The inaugural Bondi Ocean Lovers Festival is around the corner (from April 11th – 14th); where a plethora of events are celebrating our oceans with solutions to ocean recovery, cool products, and ideas on how we can all live as Ocean lovers not destroyers.
Conservation is this year’s driving theme with live entertainment, art, photography, film, workshops, talks and walks. There’s an Ocean Lovers Lap swim and run event, yoga, surfing, a beach clean up, indigenous coastal care, sustainable dining and parties, and what a more extraordinary way to kick off the festivities than a stroll through the art gallery exhibition that launched the festival, Waste No More by multi award winning Australian Environmental artist John Dahlsen.
Held at Bondi Beach’s iconic Pavilion, assembled is a 20 year retrospective of Dahlsen’s work; where he, for literally 20 years, collected ocean and coastal waste globally, creating kaleidoscopic colours and shapes from objects as miniscule as toothbrushes, thongs, plastic bags; anything non-sustainable, and transforming them into distinctive aesthetic works of art.
Dahlsen’s art highlights the ludicrous, sad and serious reality that there now exists an island known as Plastic Garbage Patch, which is twice the size of Texas. His work protests the recklessness of policy makers, big business and society, all contributors to the ocean litter issue, and is a reminder to us all about the plight of our oceans, and how every little piece of plastic no matter how miniscule ends up in our beautiful natural habitat.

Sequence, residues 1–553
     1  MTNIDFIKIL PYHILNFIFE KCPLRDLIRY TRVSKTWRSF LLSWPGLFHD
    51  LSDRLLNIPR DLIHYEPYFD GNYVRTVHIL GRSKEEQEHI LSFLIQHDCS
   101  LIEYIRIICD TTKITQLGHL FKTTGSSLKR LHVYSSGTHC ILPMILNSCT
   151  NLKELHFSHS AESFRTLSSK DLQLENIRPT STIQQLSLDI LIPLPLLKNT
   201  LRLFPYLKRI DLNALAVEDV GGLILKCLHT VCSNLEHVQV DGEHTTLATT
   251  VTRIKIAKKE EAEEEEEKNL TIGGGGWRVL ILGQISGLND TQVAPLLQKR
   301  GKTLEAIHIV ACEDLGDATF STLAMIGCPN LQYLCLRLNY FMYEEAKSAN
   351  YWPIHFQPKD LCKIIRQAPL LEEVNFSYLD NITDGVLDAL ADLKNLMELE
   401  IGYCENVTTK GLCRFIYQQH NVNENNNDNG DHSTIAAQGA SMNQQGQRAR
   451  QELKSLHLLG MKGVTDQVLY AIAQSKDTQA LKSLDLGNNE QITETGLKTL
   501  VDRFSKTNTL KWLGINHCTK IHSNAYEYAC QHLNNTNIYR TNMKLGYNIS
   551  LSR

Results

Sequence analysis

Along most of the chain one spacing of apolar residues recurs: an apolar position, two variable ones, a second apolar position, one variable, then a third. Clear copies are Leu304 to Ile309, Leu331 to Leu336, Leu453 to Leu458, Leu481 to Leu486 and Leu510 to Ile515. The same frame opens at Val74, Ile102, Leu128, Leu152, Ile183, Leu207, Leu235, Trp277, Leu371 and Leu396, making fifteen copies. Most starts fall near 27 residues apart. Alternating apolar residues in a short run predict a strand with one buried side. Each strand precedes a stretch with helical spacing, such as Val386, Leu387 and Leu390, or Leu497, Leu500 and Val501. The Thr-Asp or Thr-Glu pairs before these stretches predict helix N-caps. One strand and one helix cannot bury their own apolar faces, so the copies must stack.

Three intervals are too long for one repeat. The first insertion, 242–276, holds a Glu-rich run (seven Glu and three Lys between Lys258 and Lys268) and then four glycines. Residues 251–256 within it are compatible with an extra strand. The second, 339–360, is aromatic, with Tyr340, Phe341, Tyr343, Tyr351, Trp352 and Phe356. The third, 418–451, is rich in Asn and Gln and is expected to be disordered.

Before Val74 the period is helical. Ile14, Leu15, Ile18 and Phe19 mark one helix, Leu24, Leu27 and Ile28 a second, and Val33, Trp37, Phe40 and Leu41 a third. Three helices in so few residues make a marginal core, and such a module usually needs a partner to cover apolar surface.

His extraordinary creations from a Pastel Thong Totem, White Plastic Litter Paintings, Pink Plastics, Foam Totems, and Plastic bag abstractions while highly superficial, are also deeply mesmerizing and disturbing. Is that small head of a toothbrush I used really ending up in the ocean and doing this much damage? That little piece of plastic that tightens a mere loaf of bread; how did it all become so toxic? You really found all those hairbrushes out there? And those thongs? ALL those thongs discarded in the world are ending up in our beautiful waters?
Art asks questions and makes us think. In this case, you will be rethinking your environmental footprint.
The exhibition is free with works for sale.
For more information check out the Bondi Pavilion Galleries. Open from April 2nd and www.oceanloversfestival.com.
Reviewed by Georgia Cassimatis